Shashank Pant, Zahra Sharif Khodaei, Mohamad Ghazi Droubi

Open Access

Chapter 3. Defect Types

Abstract
This chapter provides an overview of the common types of defects found in various structural materials and joints in aircraft. Materials manufacturing methods (including large-scale production) have been established in the aircraft industry. However, as will be seen in this chapter, manufacturing defects and defects during in-service conditions are very common across all material types. The structural material types include metals, composites, coatings, adhesively bonded and stir-welded joints. This chapter describes the defect types as a baseline for the description of their detection with the methods of Chap. 5 to 8. Based on the understanding of the defect types, there is great expectation for a technical breakthrough for the application of structural health monitoring (SHM) damage detection systems, where continuous monitoring and assessment with high throughput and yield will produce the desired structural integrity.
Nadimul Faisal, Ömer Necati Cora, Muhammed Latif Bekci, Romana Ewa Śliwa, Yehuda Sternberg, Shashank Pant, Richard Degenhardt, Anil Prathuru

Open Access

Chapter 4. Aerospace Requirements

Abstract
This chapter covers the overview of requirements arising in the aerospace industry for operating a structural health monitoring (SHM) system. The requirements are based on existing standards and guidelines and include both requirements on the physical components of the system (such as sensors, data acquisition systems and connectors) and their functional requirements (such as reliability, confidence measure and probability of detection). Emphasis has been given to on-board and ground-based components because they have different functionality requirements. An important factor in the reliability of the system is the effect of the environment and operational loads on the reliability of the diagnosis and, consequently, prognosis. The recommended guidelines for testing the reliability of the system under varying operational conditions are presented. This chapter is then finalized by reporting on methodologies for optimal sensor number and placement, based on different sensor technologies and different optimization algorithms.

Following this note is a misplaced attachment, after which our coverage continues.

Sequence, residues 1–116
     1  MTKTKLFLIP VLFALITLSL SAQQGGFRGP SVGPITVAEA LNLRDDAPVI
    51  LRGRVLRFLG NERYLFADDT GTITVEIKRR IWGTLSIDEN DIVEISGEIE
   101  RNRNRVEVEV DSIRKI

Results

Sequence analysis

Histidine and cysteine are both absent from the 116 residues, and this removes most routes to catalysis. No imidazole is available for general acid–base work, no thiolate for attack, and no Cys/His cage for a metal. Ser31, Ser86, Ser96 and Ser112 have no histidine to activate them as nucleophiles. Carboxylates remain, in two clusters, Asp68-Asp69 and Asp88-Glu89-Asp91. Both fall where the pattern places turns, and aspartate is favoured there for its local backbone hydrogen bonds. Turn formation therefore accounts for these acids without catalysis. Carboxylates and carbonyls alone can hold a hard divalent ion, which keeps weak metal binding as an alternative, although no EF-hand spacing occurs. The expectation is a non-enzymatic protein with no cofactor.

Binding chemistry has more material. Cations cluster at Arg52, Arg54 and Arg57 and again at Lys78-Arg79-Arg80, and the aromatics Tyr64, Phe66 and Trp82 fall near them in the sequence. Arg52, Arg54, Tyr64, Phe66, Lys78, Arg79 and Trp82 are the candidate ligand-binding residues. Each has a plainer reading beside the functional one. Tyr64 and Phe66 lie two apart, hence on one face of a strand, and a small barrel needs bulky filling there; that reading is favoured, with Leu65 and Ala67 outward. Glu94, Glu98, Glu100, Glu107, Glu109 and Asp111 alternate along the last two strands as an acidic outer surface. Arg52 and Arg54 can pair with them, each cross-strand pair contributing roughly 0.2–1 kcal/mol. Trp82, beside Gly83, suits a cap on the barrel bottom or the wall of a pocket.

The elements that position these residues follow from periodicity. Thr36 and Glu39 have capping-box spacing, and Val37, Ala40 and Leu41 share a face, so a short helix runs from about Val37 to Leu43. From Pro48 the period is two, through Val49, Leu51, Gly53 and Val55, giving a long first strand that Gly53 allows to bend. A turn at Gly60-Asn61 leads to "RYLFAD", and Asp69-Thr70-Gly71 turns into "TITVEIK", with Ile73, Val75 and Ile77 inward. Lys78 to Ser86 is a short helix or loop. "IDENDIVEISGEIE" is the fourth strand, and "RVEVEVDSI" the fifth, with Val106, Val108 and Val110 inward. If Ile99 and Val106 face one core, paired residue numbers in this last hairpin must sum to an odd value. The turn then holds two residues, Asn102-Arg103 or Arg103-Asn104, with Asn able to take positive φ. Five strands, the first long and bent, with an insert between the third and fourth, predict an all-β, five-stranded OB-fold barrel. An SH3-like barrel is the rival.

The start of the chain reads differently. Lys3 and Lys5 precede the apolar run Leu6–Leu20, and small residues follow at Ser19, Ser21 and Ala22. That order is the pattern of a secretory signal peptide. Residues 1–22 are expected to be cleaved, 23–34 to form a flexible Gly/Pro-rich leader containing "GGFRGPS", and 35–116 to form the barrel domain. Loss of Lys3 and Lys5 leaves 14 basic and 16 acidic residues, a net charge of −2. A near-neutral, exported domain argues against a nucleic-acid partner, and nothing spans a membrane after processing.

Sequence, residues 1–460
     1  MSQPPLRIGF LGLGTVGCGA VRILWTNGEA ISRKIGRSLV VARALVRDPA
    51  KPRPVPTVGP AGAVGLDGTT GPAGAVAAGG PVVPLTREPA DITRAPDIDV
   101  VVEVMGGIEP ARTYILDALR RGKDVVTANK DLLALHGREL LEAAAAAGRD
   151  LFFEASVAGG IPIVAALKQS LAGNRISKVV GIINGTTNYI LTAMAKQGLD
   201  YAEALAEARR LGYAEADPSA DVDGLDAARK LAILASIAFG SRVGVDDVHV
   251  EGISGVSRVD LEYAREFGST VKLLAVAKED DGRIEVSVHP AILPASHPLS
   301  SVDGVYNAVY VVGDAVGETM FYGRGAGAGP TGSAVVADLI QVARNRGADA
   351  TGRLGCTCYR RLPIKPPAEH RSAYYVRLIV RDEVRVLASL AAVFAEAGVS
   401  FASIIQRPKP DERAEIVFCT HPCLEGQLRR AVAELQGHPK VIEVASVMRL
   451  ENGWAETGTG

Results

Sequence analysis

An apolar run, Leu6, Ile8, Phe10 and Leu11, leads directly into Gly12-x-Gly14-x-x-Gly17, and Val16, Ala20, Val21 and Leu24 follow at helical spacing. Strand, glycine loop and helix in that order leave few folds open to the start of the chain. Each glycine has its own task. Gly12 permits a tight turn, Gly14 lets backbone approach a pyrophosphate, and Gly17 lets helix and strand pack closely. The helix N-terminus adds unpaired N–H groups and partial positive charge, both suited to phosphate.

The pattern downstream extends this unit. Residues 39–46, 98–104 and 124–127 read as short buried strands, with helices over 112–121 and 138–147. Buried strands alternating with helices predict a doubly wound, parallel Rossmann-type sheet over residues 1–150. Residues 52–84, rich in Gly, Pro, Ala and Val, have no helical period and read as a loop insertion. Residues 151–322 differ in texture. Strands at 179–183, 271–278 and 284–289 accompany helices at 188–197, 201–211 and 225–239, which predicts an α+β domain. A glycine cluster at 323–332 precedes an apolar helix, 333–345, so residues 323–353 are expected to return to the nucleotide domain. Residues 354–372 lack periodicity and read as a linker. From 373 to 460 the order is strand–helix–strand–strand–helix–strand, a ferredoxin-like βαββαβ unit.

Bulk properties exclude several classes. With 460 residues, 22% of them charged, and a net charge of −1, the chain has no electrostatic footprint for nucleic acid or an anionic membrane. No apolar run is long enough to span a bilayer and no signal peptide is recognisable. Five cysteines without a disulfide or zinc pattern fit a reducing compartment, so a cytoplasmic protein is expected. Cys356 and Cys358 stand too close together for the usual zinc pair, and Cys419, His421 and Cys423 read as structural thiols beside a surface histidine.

Zahra Sharif Khodaei, Stephen Grigg

Open Access

Chapter 5. Ultrasonic Methods

Abstract
Ultrasonic inspection is a well recognized technique for non-destructive testing of aircraft components. It provides both local highly sensitive inspection in the vicinity of the sensor and long-range structural assessment by means of guided waves. In general, the properties of ultrasonic waves like velocity, attenuation and propagation characteristics such as reflection, transmission and scattering depend on composition and structural integrity of the material. Hence, ultrasonic inspection is commonly used as a primary tool for active inspection of aircraft components such as engine covers, wing skins and fuselages with the aim to detect, localise and describe delaminations, voids, fibre breakage and ply waviness. This chapter mainly focuses on long range guided wave structural health monitoring, as aircraft components require rapid evaluation of large components preferably in real time without the necessity for grouding of an aircraft. In few upcoming chapters advantages and shortcommings of bulk wave and guided wave ultrasonic inspection is presented, fundamentals of guided wave propagation and damage detection are reviewed, the reliability of guided wave SHM is discussed and some recent examples of guided wave applications to SHM of aerospace components are given.